The number of part-time faculty in the School of Nursing nearly doubled last year after experiencing a steady decline.
In 2014, the number of part-time professors jumped from 29 to 57, an increase which the school’s dean said came after increased enrollment in the school.
After the nursing school opened in 2010, the size of the part-time faculty saw a steady decrease, falling from 39 part-time faculty members in 2010 to 29 in 2013, before last year’s large increase broke the trend.
Mary Jean Schumann, the interim dean of the nursing school, said growth in enrollment has occurred in both the Virginia Science and Technology Campus and the school’s online program.
Schumann said increased funding from grants can also tie into the increase in faculty numbers.
“Grant funding often provides for a portion of a full-time faculty, so depending on the specific expertise needed to fulfill the mission, [it will] lead us to make a part-time hire,” Schumann said.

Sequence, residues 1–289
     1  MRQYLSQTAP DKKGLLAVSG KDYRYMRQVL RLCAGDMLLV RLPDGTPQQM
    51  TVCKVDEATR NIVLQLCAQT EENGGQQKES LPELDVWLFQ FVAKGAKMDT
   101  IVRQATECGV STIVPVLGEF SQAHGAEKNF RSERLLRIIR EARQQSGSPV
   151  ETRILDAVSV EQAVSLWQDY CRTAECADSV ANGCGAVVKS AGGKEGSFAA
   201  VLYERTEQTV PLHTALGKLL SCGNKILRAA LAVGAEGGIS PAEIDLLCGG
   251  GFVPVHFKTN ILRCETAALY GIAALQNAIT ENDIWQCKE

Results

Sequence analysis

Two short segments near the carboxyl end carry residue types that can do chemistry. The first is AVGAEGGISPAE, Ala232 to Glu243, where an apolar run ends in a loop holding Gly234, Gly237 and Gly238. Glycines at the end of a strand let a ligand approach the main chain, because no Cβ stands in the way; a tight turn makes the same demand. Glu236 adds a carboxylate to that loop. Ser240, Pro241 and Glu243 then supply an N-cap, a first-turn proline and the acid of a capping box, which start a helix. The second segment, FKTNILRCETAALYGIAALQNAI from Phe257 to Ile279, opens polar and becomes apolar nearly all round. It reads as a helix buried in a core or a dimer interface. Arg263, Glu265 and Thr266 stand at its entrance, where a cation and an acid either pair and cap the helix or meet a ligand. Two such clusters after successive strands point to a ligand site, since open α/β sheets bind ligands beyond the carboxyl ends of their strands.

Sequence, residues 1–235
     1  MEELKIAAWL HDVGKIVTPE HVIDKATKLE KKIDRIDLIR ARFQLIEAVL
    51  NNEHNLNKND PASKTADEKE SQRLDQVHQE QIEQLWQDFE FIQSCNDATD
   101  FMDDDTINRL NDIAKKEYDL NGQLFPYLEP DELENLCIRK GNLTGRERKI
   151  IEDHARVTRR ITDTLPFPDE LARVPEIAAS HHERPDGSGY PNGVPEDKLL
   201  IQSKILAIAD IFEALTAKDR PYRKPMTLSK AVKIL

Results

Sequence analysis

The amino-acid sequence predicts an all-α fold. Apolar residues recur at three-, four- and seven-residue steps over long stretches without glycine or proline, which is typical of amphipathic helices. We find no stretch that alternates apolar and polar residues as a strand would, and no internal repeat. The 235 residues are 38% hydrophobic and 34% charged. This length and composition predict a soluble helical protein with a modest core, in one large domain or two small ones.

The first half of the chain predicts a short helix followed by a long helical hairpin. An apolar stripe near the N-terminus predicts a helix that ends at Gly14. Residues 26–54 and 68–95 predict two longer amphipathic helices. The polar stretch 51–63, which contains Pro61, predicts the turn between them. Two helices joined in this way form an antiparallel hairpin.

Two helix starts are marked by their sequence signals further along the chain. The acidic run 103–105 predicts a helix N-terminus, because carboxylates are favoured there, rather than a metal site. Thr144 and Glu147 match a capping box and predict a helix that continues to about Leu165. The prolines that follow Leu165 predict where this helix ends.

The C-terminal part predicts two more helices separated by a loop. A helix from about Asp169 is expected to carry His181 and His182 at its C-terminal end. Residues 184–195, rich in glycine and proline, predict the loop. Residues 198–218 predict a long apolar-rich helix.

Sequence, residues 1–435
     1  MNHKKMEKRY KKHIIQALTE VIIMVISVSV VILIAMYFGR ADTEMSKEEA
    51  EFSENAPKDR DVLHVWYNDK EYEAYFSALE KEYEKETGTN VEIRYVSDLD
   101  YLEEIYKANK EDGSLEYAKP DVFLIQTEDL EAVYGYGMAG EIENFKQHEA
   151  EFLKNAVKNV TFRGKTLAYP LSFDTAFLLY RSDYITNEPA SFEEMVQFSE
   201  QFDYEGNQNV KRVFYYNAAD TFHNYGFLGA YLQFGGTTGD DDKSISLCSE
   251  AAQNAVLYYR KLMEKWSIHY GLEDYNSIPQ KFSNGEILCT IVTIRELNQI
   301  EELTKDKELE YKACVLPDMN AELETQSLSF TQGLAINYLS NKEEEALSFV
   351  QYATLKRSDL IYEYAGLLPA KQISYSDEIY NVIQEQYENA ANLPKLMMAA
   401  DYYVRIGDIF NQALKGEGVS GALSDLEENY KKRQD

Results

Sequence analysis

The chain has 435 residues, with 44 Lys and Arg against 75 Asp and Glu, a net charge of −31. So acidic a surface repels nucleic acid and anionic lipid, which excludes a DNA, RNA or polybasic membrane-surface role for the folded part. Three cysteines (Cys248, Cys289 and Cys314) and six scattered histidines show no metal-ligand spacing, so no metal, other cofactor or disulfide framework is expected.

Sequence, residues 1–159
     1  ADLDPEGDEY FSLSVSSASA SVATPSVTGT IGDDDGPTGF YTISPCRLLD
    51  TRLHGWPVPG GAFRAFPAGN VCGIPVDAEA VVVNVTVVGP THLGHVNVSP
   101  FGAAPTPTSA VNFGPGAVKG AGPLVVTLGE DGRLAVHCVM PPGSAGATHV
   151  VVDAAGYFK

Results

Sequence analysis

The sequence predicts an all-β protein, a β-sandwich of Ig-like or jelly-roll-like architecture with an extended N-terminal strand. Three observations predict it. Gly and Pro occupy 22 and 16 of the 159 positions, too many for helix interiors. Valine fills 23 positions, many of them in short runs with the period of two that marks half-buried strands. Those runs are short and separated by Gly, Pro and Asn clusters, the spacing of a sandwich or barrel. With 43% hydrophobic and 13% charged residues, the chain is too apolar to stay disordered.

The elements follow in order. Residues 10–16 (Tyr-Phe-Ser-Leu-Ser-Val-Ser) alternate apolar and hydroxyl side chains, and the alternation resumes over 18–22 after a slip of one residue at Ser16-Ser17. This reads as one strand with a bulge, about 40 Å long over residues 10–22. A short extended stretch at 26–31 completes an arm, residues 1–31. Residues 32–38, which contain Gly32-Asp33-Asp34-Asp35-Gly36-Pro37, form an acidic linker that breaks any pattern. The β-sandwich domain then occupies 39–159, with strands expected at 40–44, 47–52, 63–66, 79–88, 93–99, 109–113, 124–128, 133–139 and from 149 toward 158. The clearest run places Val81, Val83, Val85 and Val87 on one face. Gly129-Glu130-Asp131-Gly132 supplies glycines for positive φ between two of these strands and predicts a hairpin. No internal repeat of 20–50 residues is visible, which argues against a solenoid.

Schumann added that the school has a hiring plan that is “based upon enrollments in existing programs and implementation of new programs.” She declined to comment on the details of the new programs.
Several nursing faculty declined to comment.
The nursing school receives most of its grants from the U.S. Department of Health and Human Services. In 2014, professors in the school received $1,308,738 in grants from the Health Resources and Services Administration, nearly double the $705,554 they received in 2013, according to the HRSA Data Warehouse.
The School of Nursing requires that many of the faculty maintain current clinical expertise, Schumann added, so often faculty are hired into part-time positions to allow them to maintain their clinical practice while teaching in the school.
The school bases many of its professional programs online, including its doctoral and masters programs. Pamela R. Jeffries, who is currently the vice provost for digital initiatives at Johns Hopkins University, will be taking over as dean of the school this month.